John Hickenlooper's 2020 presidential campaign underwent a major staffing shakeup Monday as the former Colorado governor attempts to break from the back of the pack in a crowded Democratic primary field.
Multiple Democratic sources tell Colorado Politics that none of the Hickenlooper staffers was fired, stressing that the shuffle amounts to a campaign reset as Hickenlooper takes stock following his failure to get a bump out of the June 27 debate and a day after the most recent fundraising quarter ended.
Just hours after news broke that Hickenlooper's finance director was jumping to a primary rival's campaign, Hickenlooper announced that he had named a new campaign manager, and his campaign spokeswoman said she is moving on.
M.E. Smith, deputy campaign manager for Hickenlooper's successful 2014 re-election as governor, will replace Brad Komar, who managed the 2014 campaign, at the head of his presidential campaign, Hickenlooper said.
"M.E. has shown again and again that she knows how to lead successful campaigns in politically-difficult terrain," Hickenlooper said in a statement late Monday. "With her extensive experience in political strategy, campaign management, and policy, I could not be more excited to have her leading the team."
Also, Hickenlooper's finance director, Dan Sorenson, has left to work for former U.S. Rep. Beto O'Rourke's campaign, Politico was first to report.
"We're thrilled to have Dan join our team to bring more supporters into this campaign and ensure Beto's message of building a new kind of politics where no American is left behind can reach voters across the country," O'Rourke campaign manager Jen O'Malley Dillon said in a statement on behalf of the Texan, who has been having his own difficulties lately keeping pace with the campaign's front runners.
In addition, Lauren Hitt, the campaign's communications director, said she "will also be transitioning out over the next few weeks."
Later, ABC News reported that John Schueler, Hickenlooper's digital director, and Nolan Varee, the campaign's political director for New Hampshire, would be exiting.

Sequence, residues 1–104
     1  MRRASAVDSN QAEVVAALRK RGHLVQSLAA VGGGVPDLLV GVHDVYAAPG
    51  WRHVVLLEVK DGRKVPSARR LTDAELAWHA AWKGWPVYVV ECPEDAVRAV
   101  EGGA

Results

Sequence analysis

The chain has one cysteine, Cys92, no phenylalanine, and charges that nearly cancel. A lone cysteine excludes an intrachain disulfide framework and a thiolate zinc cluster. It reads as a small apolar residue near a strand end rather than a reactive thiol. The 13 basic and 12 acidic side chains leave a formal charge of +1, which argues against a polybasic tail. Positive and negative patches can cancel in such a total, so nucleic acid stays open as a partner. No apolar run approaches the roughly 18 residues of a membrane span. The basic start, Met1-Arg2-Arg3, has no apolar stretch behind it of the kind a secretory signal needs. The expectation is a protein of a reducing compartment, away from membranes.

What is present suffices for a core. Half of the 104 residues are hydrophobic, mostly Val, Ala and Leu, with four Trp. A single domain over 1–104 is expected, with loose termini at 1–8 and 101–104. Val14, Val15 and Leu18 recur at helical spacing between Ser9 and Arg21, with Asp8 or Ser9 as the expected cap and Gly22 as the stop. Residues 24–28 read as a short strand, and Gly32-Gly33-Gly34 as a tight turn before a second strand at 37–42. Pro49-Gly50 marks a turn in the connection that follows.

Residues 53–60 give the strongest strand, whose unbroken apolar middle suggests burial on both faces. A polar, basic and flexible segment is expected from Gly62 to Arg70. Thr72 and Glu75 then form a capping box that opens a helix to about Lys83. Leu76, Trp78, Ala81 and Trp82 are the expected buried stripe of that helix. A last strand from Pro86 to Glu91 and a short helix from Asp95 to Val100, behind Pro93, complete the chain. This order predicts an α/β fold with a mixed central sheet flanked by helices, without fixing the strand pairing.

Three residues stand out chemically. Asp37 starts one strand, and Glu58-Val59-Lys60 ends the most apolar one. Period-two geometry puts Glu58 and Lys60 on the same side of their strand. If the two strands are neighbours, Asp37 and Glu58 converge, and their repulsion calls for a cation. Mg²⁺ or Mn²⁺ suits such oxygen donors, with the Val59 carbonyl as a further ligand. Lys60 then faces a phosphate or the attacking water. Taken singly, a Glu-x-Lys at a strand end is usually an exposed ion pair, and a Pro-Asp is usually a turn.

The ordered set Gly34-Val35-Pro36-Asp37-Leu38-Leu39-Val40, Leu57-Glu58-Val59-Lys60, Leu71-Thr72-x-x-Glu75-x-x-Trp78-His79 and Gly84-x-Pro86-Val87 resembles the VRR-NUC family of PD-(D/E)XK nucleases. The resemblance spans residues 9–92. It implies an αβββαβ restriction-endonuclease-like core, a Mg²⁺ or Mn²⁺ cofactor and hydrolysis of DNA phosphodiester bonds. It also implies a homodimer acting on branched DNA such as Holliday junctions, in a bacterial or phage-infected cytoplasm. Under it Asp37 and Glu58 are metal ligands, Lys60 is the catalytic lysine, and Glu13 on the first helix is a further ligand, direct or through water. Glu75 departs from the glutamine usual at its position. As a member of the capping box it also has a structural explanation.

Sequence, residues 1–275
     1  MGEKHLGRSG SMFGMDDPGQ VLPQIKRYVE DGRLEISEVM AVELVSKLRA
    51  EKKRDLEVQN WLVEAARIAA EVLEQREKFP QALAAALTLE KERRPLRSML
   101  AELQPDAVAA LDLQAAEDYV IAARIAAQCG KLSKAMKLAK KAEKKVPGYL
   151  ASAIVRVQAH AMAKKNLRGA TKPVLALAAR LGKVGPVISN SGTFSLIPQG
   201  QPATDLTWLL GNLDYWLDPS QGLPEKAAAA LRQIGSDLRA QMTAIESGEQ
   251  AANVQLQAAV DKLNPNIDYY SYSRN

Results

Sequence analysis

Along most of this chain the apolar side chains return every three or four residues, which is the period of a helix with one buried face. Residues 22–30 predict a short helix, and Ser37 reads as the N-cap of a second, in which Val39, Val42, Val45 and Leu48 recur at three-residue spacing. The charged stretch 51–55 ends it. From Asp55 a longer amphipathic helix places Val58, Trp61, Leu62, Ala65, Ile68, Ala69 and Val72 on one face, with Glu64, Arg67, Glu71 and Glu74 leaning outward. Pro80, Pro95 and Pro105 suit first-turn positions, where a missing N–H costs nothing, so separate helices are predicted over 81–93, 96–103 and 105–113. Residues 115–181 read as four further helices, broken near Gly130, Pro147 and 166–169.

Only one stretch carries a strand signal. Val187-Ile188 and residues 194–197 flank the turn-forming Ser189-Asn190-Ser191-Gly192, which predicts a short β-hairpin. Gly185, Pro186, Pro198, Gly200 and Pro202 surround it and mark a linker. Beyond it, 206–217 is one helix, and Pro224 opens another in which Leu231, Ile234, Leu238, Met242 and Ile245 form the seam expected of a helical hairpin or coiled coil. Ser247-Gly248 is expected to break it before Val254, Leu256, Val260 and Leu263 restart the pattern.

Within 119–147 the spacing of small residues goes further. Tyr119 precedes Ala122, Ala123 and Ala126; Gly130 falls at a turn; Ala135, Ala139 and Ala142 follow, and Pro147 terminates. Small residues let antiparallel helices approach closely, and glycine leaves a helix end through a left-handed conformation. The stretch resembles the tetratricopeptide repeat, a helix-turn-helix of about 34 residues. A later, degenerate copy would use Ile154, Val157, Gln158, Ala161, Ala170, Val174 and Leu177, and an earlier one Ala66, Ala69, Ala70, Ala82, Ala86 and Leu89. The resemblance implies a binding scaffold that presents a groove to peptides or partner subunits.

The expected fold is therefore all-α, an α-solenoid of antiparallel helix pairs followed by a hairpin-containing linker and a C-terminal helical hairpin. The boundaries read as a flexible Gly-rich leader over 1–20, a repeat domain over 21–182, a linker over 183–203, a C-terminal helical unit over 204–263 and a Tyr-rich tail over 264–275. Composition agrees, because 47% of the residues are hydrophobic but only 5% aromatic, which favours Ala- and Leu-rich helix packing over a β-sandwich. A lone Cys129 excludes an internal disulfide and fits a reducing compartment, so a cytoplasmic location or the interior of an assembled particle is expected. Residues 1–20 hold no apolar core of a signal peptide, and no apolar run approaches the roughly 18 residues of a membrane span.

The departures come after the close of the second quarter of campaign fundraising. Hickenlooper is expected to lag well behind the Democratic National Committee's benchmark of 130,000 donors needed to qualify for the debate stage in September — one of several candidates who could fail to meet that threshold.
The former geologist-turned-brewpub owner's poll numbers have remained stuck at zero or 1% in the handful of surveys conducted in the wake of last week's initial round of Democratic presidential primary debates in Miami, where his criticism of the party's leftward drift failed to spark the kind of enthusiasm that propelled several candidates out of the debates.
Hickenlooper, who served two terms as governor of a Western swing state, has struggled to gain attention in the crowded Democratic field. He has touted moderate positions and repeatedly warned Democrats the party risks being labelled socialists — a sure-fire way to hand the 2020 election to President Donald Trump, he says.
But with several candidates, and many Democratic voters, embracing more liberal positions, Hickenlooper's message — or at least the messenger — has failed to resonate.
He was roundly booed last month at the California Democratic Party convention when he condemned socialism.
And some pundits gave Hickenlooper lukewarm reviews for his performance during a June 27 Miami debate seen as crucial for back-of-the-pack candidates like him.
Politico's Steven Shepard declared Hickenlooper had "few ... memorable moments" and "made less of an impression than his fellow Coloradan, Sen. Michael Bennet," and New York Times opinion columnist Bret Stephens said Hickenlooper -- along with former Maryland congressman John Delaney -- "came across as square dancers at a rave" with their moderate messages.
Smith, Hickenlooper's new campaign chief, most recently managed U.S. Sen. Bob Casey to a 13-point win in Pennsylvania last year and served as deputy campaign manager for U.S. Sen. Michael Bennet's successful 2016 re-election in Colorado.
Komar and Sorenson signed on with Hickenlooper's political action committee months before he made his White House bid official in March, while Hitt joined the campaign just ahead of its formal launch.
The Hickenlooper campaign didn't say who will be replacing Sorenson or Hitt in their positions.
Nicholas Riccardi of the Associated Press contributed.